15 ways psychology can boost ecommerce sales
It’s not always easy for an ecommerce business to gain new customers, especially when it’s struggling to understand the needs of its audience.
Learning more about the purchasing habits of the consumers, along with the psychology that makes them buy a product, may be very helpful and effective for every business looking to increase its sales.
What makes a customer buy a specific product with no second thought and how does a brand affect the purchasing decision through psychological triggers?
Image by Gerd Altmann, CC0
Psychology allows a business to understand the thoughts of its users while shopping and even a few tweaks to a site may boost its sales.
Human beings may be complex, but there is still a pattern of reactions to psychological triggers that can be analysed, in order to help a business get into the consumer’s mind.
This allows a business to provide its consumers exactly what they are looking for, making the shopping process easier.
Here are 15 examples on how psychology blends with ecommerce sales:
The sense of urgency makes a customer speed up the purchase process, without leaving time for second thoughts or further research.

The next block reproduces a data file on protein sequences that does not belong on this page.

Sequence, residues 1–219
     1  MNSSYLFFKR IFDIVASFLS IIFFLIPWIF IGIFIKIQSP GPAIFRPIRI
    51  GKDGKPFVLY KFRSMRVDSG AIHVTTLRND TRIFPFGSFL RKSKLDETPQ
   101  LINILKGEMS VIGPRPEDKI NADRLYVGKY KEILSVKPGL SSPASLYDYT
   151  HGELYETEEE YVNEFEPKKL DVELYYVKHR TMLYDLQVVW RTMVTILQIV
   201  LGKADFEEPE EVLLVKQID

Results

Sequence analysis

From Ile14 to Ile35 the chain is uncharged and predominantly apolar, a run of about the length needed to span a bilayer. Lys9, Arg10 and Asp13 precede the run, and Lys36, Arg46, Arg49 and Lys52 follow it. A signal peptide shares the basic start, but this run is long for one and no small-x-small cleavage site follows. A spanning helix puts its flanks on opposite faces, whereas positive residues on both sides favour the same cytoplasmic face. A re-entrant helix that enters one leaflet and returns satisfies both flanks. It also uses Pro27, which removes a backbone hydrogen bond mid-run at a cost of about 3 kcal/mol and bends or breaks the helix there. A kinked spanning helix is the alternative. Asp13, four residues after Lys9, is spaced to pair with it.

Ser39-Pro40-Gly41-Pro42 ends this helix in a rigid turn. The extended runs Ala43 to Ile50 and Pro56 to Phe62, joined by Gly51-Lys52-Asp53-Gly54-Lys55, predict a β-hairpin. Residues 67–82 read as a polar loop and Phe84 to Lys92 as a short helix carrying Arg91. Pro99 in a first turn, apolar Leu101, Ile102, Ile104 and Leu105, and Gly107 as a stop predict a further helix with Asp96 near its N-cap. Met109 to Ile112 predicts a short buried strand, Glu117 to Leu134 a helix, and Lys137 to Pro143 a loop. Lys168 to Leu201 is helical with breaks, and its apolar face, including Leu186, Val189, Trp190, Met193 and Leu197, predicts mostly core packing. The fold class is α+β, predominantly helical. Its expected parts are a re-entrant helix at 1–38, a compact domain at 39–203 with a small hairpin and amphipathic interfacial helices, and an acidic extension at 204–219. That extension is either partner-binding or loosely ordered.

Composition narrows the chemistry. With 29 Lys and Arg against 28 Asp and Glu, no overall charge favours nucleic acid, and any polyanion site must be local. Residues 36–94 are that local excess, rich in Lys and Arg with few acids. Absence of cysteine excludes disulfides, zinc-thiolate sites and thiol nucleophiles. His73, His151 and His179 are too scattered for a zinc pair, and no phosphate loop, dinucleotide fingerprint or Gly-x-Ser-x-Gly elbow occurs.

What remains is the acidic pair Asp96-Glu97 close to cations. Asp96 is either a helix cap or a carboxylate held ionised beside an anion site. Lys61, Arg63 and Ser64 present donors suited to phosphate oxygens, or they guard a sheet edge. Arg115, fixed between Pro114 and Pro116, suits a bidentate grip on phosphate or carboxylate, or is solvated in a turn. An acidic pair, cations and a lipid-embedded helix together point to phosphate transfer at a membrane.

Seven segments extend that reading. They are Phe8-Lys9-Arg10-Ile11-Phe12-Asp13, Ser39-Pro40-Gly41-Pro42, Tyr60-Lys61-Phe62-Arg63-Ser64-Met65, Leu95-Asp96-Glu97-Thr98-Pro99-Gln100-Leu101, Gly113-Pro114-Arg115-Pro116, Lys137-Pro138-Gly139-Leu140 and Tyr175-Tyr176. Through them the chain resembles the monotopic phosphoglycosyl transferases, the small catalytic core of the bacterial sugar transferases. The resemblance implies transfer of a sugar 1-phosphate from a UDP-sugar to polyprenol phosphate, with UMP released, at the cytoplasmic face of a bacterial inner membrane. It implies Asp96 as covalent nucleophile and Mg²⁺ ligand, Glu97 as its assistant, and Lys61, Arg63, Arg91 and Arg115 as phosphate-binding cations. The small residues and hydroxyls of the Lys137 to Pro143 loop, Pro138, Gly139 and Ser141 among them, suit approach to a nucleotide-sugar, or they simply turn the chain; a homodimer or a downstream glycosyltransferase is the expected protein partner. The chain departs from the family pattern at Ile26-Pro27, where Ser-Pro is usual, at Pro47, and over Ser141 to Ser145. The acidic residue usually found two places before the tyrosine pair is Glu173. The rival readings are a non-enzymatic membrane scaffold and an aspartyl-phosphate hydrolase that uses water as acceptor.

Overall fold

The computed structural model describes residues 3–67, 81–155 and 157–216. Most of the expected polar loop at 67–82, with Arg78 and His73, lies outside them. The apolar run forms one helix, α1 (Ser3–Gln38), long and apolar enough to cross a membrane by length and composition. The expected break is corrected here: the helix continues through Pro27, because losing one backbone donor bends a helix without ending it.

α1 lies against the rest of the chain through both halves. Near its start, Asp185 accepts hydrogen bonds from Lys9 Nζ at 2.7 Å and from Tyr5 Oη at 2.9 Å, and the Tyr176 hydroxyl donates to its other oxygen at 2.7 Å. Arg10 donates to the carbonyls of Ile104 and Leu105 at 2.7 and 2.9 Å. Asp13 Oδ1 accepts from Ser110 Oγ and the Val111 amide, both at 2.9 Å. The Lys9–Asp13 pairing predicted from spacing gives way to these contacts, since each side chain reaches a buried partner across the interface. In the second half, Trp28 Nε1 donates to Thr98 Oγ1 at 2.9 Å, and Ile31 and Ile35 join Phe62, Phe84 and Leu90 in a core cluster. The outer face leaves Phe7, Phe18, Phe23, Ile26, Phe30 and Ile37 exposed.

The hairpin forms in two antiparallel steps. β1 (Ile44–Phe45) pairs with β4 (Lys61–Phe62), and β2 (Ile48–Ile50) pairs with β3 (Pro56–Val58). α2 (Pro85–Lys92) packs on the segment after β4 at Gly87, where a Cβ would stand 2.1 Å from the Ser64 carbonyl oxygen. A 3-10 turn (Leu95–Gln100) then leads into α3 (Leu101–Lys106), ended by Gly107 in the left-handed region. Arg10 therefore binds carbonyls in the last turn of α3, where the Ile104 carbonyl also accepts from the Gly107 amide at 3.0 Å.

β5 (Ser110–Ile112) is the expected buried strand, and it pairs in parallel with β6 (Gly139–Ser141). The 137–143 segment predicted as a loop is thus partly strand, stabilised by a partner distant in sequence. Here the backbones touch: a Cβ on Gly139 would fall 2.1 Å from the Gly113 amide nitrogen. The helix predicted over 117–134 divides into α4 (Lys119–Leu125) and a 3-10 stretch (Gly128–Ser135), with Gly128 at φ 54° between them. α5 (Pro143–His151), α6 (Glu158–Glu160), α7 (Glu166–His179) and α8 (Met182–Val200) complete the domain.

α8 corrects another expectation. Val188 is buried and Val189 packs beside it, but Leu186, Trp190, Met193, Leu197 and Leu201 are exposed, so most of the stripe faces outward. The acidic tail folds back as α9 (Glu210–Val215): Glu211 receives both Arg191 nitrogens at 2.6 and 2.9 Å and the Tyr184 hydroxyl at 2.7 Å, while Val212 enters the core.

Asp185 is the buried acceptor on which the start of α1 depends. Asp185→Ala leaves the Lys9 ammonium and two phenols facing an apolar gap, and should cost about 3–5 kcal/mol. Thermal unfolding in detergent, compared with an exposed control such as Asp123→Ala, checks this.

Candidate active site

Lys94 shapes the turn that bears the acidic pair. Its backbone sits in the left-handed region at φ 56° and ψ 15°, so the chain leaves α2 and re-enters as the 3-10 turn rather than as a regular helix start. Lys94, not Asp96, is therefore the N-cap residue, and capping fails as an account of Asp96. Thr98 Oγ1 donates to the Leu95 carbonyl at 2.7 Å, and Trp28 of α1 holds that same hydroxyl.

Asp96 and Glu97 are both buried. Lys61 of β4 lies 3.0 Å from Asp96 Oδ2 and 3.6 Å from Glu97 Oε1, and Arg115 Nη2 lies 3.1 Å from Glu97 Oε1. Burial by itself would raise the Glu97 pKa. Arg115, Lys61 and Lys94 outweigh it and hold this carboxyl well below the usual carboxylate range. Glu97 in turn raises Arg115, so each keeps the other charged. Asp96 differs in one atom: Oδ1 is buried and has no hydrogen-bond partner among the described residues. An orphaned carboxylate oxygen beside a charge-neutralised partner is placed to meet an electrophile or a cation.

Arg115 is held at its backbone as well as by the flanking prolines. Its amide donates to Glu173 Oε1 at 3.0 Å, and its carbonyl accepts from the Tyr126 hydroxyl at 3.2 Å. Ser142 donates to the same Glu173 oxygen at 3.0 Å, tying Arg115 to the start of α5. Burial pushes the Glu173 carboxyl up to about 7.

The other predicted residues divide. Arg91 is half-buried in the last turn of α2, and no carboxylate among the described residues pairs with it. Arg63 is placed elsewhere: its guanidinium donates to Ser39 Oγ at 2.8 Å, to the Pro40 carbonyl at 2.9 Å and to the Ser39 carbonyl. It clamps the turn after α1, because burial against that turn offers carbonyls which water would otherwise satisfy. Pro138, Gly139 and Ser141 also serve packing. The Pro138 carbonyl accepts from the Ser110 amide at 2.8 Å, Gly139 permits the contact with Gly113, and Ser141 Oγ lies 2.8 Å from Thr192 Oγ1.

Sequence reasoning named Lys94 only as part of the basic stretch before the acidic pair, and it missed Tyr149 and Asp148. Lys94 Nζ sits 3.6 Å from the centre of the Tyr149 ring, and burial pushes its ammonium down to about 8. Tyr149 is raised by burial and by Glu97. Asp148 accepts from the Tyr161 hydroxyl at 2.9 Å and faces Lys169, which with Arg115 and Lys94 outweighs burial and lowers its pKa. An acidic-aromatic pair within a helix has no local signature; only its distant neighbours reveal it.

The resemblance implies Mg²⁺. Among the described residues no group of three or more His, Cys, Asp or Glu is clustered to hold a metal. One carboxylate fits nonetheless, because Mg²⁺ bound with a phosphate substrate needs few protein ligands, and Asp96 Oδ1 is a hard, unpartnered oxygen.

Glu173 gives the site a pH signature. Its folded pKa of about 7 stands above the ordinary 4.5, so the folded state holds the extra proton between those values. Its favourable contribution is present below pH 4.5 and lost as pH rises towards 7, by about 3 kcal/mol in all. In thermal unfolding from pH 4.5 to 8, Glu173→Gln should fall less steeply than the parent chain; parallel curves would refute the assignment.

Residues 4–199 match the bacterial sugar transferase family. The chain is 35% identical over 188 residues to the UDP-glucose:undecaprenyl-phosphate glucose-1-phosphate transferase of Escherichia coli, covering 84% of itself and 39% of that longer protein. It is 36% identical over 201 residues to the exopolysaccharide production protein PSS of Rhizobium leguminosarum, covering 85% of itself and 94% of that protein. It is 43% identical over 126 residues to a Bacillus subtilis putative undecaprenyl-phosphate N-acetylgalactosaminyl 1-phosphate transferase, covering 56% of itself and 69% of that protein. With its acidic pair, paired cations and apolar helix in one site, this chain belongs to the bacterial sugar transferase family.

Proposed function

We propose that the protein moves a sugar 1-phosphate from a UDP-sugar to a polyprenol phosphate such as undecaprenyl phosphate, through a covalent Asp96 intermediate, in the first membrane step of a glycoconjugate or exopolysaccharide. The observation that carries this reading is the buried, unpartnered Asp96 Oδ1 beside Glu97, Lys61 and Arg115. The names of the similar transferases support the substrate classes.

Whether in use of language, or features like countdowns, it is still one of the most effective psychological triggers and that’s what makes it popular among many sites.
Amazon relies on the trigger of urgency to promote its daily deals, by showcasing the reduced price right after the original one, while the countdown is used to speed up the consumer’s decision to claim this offer.
It’s a valuable technique, but shouldn’t be over-used as customers may learn to ignore it over time.
Consumers like to feel appreciated by a brand and trust may be an important factor for them to choose one site over another.
Thus, it’s always a good idea to remind how your business thanks its customers, whether it’s free shipping, a gift along with the first purchase, or a free trial.
One by Made mattress has dedicated a space on its page to reassure its customers with their ‘promises’.
Glasses Direct offers to send out up to four frames so that customers can try before they buy.